I completed my 6 weeks of clinical. I can’t believe I am now in level 3, time goes by so quickly. My clinical placements were Ridge Meadows Hospital, Royal Columbian Hospital and MedRay.
Goodbye rose-coloured glasses; I didn’t know what clinical would be like or how to prepare. I knew I would be learning, but it has exceeded my expectations. I have learned new tricks in scanning as well as how to communicate better with patients and radiologists. I have improved on my skills in patient care. I knew I would love clinical, but I love it even more than what I originally thought.
In a typical day at clinical, I would scan patients with a Sonographer present and observe scans. I was nervous, excited, enthusiastic and out of my element. That being said, the Sonographers I have worked for are knowledgeable, nice and happy to teach. Being uncomfortable helps you learn even more than you would otherwise. That is when true growth happens.
Before starting, we emailed our sites 2 weeks before. The site told us everything we needed to know and answered any questions. They told us their expectations for the term even gave recommendations about parking, which I was anxious about.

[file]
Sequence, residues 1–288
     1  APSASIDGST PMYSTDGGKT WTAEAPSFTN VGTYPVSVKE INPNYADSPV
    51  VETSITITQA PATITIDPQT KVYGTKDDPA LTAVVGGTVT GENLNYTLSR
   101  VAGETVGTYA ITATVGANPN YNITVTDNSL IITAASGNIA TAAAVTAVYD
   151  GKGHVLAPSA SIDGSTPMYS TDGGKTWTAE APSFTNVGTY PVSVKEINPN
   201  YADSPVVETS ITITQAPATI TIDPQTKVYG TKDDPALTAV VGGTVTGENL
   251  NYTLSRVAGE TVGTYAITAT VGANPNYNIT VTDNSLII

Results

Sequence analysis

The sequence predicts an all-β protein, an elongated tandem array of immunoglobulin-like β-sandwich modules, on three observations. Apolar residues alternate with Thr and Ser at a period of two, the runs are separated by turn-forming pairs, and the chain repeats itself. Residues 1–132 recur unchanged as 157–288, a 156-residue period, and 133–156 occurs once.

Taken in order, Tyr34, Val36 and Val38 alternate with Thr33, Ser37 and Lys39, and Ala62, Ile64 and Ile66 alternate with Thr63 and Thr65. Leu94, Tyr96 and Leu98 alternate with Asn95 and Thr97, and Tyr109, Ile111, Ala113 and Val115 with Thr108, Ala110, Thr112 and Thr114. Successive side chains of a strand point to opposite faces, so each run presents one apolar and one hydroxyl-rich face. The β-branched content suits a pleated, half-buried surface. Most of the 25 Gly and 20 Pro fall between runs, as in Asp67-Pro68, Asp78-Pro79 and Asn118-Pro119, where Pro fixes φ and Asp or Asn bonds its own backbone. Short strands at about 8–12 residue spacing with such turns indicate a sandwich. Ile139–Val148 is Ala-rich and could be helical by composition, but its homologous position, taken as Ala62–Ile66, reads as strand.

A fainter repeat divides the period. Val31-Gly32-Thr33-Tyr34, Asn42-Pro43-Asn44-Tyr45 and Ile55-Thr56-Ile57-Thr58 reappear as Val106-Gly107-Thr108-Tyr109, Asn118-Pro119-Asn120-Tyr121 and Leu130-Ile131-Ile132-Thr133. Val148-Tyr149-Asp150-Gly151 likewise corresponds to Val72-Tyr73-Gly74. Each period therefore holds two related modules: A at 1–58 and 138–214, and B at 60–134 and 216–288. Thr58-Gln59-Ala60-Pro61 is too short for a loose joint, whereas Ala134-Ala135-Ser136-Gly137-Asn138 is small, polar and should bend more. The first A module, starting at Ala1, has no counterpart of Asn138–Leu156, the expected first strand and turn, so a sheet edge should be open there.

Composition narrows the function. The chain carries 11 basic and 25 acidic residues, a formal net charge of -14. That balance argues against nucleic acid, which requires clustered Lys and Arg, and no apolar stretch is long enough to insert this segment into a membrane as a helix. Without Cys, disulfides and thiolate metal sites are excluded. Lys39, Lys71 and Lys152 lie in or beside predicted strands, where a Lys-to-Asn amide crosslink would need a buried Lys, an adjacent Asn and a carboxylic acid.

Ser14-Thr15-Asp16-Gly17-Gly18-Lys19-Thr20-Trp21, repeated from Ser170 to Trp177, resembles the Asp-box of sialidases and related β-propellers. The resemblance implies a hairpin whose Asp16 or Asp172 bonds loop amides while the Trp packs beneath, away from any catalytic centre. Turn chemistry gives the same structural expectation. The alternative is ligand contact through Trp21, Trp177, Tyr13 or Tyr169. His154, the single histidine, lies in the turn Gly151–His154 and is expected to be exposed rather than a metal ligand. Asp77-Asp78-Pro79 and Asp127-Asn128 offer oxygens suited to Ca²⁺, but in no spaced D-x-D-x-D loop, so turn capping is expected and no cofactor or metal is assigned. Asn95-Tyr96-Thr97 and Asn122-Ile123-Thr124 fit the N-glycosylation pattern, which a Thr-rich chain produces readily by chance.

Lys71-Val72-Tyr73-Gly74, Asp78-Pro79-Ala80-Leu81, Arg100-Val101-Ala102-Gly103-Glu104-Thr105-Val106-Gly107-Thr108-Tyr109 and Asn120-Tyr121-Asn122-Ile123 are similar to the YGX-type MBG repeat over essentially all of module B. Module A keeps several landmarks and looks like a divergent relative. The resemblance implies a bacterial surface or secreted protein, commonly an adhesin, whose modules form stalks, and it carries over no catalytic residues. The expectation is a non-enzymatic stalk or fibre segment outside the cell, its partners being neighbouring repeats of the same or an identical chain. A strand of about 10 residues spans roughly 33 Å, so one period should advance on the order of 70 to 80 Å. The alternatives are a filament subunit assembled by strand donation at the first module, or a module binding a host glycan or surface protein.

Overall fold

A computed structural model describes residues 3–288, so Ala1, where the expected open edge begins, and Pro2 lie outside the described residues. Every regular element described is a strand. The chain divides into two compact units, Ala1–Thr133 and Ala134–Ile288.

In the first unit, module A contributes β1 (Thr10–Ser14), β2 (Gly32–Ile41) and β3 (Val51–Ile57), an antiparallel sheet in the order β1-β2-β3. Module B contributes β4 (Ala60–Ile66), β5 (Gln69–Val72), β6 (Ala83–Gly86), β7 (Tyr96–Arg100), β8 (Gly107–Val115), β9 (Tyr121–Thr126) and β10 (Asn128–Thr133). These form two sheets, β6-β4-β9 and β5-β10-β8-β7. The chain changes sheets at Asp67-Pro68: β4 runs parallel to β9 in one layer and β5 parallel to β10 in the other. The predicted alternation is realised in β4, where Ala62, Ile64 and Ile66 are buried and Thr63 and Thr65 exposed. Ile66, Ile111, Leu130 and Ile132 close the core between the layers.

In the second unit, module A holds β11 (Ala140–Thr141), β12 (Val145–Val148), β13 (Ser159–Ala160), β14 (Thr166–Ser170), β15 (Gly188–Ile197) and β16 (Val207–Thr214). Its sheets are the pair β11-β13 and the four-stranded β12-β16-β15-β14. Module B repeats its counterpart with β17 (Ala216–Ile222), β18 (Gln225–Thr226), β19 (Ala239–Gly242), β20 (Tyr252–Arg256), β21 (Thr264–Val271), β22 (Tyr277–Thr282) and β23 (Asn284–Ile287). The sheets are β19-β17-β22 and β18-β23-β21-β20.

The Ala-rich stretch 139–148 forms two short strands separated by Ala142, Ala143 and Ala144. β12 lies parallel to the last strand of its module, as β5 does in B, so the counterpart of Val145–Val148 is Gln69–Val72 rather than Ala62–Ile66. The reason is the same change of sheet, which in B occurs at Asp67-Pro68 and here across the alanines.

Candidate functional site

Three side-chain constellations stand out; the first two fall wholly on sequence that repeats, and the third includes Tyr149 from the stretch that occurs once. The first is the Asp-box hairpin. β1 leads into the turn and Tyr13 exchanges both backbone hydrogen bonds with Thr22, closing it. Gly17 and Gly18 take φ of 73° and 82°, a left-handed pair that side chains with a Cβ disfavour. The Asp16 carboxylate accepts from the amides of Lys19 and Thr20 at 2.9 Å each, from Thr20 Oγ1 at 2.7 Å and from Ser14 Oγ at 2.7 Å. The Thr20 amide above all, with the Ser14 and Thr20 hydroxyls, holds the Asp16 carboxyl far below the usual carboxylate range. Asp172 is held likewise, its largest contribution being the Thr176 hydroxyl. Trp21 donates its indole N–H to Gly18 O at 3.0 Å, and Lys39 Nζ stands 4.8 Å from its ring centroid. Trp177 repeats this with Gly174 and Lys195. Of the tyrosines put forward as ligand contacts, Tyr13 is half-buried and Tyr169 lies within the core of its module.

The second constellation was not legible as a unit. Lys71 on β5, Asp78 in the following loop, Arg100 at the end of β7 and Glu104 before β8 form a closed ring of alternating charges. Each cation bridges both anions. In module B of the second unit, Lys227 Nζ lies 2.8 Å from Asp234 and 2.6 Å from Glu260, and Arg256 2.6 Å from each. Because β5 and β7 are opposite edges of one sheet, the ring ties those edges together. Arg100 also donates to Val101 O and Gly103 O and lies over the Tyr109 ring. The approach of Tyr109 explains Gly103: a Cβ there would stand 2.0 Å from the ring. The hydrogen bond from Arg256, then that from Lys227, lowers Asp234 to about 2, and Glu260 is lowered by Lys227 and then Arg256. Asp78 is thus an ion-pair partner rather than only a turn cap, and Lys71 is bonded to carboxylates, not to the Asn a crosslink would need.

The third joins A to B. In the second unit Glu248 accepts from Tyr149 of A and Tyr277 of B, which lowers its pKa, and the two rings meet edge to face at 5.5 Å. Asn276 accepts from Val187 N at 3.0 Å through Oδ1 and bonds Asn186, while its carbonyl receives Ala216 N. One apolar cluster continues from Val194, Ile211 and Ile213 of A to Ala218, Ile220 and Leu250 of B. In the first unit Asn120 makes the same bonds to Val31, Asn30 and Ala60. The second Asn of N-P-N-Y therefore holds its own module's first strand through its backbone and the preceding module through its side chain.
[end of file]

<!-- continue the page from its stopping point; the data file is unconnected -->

Clinical is a class called DSON2004 – Sonography Clinical 1. Everyday we filled out a caselog on a study we performed or observed: being abdomen, renal, pelvic, cardiac, or obstetrics. Once a week we fill out what we learned, either about communication, general ultrasound, cardiac ultrasound, overall experience or other experiences. We also filled out Clinical Orientation at each site and a couple of other forms.
What I Learned
Take this opportunity to learn as much as possible, ask to shadow other tests that are related. Take notes! Ask questions. Show you are willing to learn. Be kind and humble and offer to help, whether that means cleaning up your workstation or stocking up supplies. Be thankful everyday, they are taking time to train you. It really helps to know the BCIT routine for each scan: the Cardiac routine, the Abdominal routine, Renal, Carotids, etc…
Treat the patients how you would treat your family, you want the best care for them. Some aspects of the exam could make the patient uncomfortable, for example applying pressure, but the discomfort outweighed by the advantages of a thorough assessment in ruling out pathology or finding pathology. If the patient has severe discomfort they will tell you, and you can always check in on them. Treat each placements as a long job interview, they could be your future employers. Always try to do your best and it’s okay to make mistakes, that is how you learn.
Congratulations to the Level 1 who worked so hard to get into the program! See you guys in the fall.